The Southern Citizen Rescue Expedition of 1861-1865

Posted on June 2, 2010 by

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I enjoy looking at history from different angles, and I’ve actually been thinking about the Southern Unionists thing in a different way. Interestingly, in a ListServ discussion today (I know, Kevin, I still haven’t learned my lesson), it came to mind once again. It might seem trivial to some, but I don’t necessarily believe it falls under the “what if” column of alternative history. So, here’s the thought. Since the move toward secession in the South was made without the overall consent of the people, then what percent of the people were actually among the oppressed? 60% or more, perhaps? If some want to play the “War of Northern Aggression” card… think about this… after Sumter was fired upon and the call for troops was made by Lincoln, why don’t we start looking at the war that follows as a war to remove the real “despot’s heel” of the Confederacy from the neck of the common people? Seems like we could just as easily call the war “The Southern Citizen Rescue Expedition”… or maybe “The Southern Citizen Liberation Expedition.” In the end, we have a rescue operation of sorts. Of course, the problem is that the operation did end up swaying the opinions of several Unionists and leave-aloners against the “liberation force.” But then, I’ve also seen where Confederate conscription patrols ended up sending leave-aloners over the edge to the point that they enlisted in the Union army.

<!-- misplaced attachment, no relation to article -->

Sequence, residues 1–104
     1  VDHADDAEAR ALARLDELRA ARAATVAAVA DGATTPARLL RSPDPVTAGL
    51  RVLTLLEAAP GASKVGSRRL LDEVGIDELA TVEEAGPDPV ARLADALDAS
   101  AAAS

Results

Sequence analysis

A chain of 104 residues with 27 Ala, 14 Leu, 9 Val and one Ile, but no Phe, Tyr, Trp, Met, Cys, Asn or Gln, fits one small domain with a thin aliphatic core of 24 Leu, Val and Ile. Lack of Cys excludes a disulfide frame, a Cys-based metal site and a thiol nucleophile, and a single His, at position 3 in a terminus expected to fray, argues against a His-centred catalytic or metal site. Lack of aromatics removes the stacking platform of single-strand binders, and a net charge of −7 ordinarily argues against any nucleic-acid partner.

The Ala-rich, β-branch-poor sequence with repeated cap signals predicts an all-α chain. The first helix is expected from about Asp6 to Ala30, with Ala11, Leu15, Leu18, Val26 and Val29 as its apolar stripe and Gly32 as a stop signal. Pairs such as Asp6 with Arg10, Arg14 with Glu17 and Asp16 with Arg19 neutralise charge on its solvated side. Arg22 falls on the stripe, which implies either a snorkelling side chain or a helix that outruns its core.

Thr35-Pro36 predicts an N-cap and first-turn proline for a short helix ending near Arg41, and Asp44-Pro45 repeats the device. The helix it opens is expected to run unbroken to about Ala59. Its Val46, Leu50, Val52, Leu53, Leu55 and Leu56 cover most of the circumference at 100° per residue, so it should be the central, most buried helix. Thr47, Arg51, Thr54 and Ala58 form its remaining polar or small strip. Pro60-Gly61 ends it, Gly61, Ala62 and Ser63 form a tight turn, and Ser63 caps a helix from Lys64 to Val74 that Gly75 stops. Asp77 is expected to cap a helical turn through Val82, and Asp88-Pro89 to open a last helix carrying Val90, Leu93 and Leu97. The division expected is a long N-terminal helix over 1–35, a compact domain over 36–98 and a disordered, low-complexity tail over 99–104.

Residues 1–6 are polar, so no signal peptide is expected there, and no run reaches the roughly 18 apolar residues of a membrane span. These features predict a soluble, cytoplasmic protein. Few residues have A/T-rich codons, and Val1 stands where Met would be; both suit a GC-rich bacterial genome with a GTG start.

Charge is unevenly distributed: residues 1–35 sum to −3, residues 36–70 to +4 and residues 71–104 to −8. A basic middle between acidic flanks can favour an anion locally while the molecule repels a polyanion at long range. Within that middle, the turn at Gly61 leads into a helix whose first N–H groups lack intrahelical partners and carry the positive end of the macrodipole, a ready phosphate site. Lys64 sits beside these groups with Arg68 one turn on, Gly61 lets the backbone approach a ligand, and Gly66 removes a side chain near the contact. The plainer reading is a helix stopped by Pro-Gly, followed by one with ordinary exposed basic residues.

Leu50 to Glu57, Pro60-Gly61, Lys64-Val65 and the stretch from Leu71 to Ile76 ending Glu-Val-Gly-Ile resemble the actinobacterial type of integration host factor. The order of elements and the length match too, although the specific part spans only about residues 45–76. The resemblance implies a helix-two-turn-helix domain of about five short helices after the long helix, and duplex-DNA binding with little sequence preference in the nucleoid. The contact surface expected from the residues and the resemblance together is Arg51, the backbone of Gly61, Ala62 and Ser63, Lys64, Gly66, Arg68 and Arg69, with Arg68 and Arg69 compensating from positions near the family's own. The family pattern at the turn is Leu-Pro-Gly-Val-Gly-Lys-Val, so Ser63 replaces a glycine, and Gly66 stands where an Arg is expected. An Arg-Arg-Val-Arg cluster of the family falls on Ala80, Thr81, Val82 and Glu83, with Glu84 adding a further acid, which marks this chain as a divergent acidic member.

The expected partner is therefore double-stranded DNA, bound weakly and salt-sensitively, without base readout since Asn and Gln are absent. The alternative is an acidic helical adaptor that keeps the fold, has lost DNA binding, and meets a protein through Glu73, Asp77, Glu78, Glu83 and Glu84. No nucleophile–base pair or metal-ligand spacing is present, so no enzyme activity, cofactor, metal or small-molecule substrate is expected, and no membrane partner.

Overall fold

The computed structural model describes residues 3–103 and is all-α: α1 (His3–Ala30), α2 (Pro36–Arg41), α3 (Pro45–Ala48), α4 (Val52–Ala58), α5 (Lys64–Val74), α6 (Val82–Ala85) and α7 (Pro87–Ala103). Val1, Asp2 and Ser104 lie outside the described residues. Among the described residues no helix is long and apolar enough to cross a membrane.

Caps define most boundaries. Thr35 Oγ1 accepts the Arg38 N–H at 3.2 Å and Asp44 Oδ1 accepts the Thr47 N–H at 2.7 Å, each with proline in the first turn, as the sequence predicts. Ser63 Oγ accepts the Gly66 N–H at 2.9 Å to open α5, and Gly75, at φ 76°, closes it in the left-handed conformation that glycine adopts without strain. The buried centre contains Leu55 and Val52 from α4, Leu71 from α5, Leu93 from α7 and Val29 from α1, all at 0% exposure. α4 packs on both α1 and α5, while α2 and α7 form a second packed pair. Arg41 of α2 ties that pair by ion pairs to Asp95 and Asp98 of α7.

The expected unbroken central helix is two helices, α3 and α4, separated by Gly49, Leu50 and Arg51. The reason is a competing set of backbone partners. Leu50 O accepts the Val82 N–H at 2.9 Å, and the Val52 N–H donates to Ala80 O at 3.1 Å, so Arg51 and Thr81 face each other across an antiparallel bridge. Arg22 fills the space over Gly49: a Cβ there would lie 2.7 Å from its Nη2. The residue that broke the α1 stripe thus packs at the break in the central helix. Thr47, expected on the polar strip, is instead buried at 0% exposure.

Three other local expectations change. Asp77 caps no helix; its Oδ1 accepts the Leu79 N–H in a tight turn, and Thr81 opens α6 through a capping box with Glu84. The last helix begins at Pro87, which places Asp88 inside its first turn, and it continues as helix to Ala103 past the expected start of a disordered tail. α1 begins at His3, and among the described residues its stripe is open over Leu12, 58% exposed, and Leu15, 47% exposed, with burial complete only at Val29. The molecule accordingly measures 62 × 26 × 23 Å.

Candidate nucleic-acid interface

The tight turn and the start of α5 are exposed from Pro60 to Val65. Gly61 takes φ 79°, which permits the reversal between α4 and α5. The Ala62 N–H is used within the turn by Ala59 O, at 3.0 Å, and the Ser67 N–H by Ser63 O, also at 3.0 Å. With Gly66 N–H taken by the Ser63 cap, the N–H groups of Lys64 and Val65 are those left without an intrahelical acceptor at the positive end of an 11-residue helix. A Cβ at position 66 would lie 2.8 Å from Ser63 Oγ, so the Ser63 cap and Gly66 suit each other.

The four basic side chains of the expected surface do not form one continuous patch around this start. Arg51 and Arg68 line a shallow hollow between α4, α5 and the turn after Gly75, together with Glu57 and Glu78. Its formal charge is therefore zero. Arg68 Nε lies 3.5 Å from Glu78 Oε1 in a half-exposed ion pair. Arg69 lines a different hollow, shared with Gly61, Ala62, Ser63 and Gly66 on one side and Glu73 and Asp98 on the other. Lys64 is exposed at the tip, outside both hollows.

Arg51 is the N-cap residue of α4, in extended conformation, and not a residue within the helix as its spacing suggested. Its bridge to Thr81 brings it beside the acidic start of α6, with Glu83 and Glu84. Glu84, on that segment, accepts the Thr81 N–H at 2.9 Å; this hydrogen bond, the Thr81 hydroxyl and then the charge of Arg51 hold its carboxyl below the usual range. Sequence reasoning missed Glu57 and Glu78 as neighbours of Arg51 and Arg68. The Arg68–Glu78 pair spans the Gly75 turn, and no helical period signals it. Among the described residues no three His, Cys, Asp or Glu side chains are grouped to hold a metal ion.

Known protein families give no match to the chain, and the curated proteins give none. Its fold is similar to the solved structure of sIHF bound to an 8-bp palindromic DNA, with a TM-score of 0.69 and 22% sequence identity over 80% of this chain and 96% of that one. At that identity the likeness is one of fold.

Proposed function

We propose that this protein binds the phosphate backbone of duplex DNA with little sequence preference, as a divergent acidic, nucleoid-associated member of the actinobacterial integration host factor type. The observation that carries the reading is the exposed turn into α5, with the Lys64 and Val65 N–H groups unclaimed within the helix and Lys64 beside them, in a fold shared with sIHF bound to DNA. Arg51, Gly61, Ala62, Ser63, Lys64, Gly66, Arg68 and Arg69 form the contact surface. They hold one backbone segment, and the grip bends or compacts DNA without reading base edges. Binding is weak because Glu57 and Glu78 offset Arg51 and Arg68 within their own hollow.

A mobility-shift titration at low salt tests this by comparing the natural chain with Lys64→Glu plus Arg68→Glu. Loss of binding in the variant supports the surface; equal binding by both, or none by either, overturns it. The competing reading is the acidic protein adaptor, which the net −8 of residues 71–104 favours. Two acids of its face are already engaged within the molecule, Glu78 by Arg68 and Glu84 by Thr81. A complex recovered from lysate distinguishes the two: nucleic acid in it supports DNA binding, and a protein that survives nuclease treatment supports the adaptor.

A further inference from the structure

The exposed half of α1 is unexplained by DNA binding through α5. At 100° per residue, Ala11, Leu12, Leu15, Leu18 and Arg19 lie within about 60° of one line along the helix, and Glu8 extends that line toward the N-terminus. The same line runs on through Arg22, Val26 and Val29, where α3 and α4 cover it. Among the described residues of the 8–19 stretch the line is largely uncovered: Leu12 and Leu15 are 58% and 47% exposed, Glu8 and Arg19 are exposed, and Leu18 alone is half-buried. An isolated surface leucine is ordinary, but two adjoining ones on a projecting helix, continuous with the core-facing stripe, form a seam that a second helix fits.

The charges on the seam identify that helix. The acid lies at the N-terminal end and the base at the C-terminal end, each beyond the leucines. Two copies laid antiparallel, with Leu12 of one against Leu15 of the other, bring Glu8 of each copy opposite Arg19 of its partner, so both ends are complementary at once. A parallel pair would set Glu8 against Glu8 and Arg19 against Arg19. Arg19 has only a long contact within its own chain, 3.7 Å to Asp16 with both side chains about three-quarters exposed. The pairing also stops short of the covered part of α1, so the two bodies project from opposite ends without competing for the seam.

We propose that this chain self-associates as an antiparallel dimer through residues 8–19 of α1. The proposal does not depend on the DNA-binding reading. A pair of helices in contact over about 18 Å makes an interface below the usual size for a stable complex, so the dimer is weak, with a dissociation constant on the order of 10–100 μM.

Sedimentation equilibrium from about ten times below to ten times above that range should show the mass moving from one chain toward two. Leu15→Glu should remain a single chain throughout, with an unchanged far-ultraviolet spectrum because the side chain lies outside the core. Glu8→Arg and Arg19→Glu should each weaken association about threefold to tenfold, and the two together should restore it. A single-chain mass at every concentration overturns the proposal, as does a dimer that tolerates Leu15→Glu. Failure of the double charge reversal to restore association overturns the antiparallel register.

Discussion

Nothing too heavy today, just a quick thought for looking at history in a different way…

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